The President’s address at the beginning of a new term for the Lok Sabha is usually keenly watched because it sets out the blueprint for the new government’s policies over the next five years.
This time’s speech was no different, and even those who might have missed its significance must have been reminded about it a day after the event when, on 5 June, the Press Information Bureau, the government’s official information dissemination arm, issued a terse two-line release that said: “The Prime Minister, Dr Manmohan Singh, has asked the finance ministry to ensure that the next Union Budget adequately and appropriately reflects the priorities and programmes outlined in the President’s address to the joint session of Parliament.”
In effect, President Pratibha Patil’s speech, scripted by the Congress-led United Progressive Alliance (UPA), was a political statement of intent. Given that the UPA had won the 15th general election by positioning itself as a champion of the poor and the not-so-privileged, it was not surprising to see the speech eschew any overt references to business-friendly reform initiatives. It was unlike the 2004 essay delivered by then president A.P.J. Abdul Kalam. Then, the UPA’s coalition partners, and the Left parties that supported it without being part of the government, had driven the agenda; Kalam’s speech, therefore, was a generic one. Patil’s, in contrast, was very specific about what the government would do.
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The 10-point strategy spelt out by Patil focused largely on the social sector with the exception of its emphasis on “prudent fiscal management” and “energy security and environment protection”. The first is a concern rating agencies have flagged before sounding a warning on India’s international credit standing, while the latter addresses the preparations ahead of the climate change negotiations in Copenhagen in December.
To the discerning, though, the speech should be read along with the first-day pro- reform pledges made by ministers in charge of key portfolios such as commerce, petroleum, company affairs and education. In totality, the UPA seems to be walking the razor’s edge—paying mandatory lip service to economic reforms without endangering its political position of focusing on the masses.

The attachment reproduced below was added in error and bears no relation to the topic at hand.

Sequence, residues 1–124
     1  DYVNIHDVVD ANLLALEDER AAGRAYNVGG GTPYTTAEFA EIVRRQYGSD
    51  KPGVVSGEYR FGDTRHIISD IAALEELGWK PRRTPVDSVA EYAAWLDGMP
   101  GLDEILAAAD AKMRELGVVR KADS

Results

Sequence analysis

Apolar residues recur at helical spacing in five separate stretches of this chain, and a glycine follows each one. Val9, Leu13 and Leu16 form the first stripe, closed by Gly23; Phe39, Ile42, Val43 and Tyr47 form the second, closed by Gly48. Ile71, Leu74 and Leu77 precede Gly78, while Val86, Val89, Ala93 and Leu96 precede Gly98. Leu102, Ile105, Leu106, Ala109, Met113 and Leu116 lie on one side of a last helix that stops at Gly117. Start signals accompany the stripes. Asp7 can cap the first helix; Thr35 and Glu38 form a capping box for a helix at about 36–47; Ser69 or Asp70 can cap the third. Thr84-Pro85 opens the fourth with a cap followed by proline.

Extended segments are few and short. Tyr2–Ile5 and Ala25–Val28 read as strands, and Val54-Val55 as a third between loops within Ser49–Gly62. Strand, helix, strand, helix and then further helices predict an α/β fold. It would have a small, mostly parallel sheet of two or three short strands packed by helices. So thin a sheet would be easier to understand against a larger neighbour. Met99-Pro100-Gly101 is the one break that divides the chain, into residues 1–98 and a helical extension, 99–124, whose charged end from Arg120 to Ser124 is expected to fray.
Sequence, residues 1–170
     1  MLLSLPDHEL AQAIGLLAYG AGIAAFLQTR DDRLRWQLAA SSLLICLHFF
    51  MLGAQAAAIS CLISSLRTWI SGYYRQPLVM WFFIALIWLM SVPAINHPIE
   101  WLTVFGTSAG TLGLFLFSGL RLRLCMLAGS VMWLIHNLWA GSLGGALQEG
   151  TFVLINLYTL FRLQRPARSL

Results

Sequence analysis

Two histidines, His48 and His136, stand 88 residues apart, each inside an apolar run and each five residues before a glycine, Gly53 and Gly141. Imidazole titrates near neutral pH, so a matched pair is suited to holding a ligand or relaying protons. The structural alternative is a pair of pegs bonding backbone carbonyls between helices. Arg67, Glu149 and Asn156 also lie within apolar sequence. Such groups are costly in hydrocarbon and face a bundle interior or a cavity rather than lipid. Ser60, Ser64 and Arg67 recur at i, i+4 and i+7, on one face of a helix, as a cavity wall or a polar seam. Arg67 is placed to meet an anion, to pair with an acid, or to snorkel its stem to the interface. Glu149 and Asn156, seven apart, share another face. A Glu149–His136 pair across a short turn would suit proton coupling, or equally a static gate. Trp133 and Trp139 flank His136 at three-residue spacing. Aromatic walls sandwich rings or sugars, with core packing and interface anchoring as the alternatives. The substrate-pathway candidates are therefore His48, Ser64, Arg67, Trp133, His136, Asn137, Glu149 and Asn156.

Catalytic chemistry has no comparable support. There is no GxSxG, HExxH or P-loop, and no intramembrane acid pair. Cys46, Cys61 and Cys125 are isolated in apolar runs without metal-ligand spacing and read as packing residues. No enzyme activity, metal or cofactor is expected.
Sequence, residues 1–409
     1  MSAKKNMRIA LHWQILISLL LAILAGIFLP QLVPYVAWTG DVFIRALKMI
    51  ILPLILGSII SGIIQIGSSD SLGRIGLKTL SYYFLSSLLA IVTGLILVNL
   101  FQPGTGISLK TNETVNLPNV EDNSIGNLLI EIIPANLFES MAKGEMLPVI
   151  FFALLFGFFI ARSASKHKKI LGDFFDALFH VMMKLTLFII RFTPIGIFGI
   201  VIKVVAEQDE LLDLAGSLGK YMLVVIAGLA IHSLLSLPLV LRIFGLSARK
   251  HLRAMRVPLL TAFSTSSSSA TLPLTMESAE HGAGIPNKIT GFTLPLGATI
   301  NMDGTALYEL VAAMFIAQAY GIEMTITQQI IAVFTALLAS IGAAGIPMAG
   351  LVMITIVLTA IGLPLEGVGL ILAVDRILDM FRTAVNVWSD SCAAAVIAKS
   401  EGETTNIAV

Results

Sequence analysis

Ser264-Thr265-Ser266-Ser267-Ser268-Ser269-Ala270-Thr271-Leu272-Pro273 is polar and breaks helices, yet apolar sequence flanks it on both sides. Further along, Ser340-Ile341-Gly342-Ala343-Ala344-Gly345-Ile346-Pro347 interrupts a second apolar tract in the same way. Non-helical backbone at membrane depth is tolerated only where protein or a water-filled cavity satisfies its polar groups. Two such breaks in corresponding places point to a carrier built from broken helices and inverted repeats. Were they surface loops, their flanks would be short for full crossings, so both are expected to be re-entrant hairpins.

If the stock markets are any indication, then, the government has managed to do this successfully. Foreign institutional investors (FIIs) have not missed the message; the Bombay Stock Exchange’s Sensex scaled 15,000 after several months. With the latest statistics on national accounts suggesting that the economy may have bottomed out, however, a recovery may take some time. Still, the government’s policy stance will no doubt have reassured FIIs.
Patil’s speech also demonstrates that, largely through a process of trial and error, the Congress may have uncovered the formula of managing its politics and economics for the moment. This is in contrast to what Manmohan Singh, then finance minister, struggled with in 1994. Routed in the Andhra Pradesh assembly elections by N.T. Rama Rao—the Congress was reduced to 26 seats—restless Congress cadres and leaders were looking for a scapegoat. Always reluctant to support the initiatives that accelerated reforms beginning 1991, they found justification in the adverse electoral verdict. Under pressure, Singh put in his papers on Christmas eve in 1994; the resignation was, however, rejected and the Congress went on to lose the general election the next year.
In that phase of his stewardship of India’s economic fortunes, Singh was hamstrung. He had to demonstrate overtly to FIIs, rating agencies, multilateral lending institutions that the government was serious about reform.
Fourteen years later, the country’s status as a trillion- dollar economy that continues to grow while the global economy shrinks has provided Singh all the ammunition he needs. And nothing works like success: The victory of the Congress-led alliance has put an end to political and economic uncertainty. Restive cadres have been reassured by the victory that their party’s policy approach is indeed the correct one. And Singh’s own credentials as a reformer continue to quell investor fears.
It would also appear that FIIs have come to understand India’s unique position. On the one hand, the country offers enormous economic potential and an attractive destination to investors. On the other, it continues to be handicapped by poor developmental indicators on parameters such as poverty, malnutrition and illiteracy. Governance in these circumstances requires a deft handling of politics.
The record Rs71,700 crore farm loan waiver and the massive safety net provided by the National Rural Employment Guarantee Act, among other initiatives, have garnered the Congress a healthy reputation as a social champion. At the same time, its discretion in the first week of the new term of the Lok Sabha demonstrates that it will continue to politically manage reforms. Critics, particularly the Left parties, have not been given any fresh fodder to attack the new-look UPA. And, the first-day remarks by key ministers show the party is not going back on economic reforms.
So far, so good. Now, Singh and his team have to walk the talk.
Anil Padmanabhan is a deputy managing editor of Mint and writes every week on the intersection of politics and economics.
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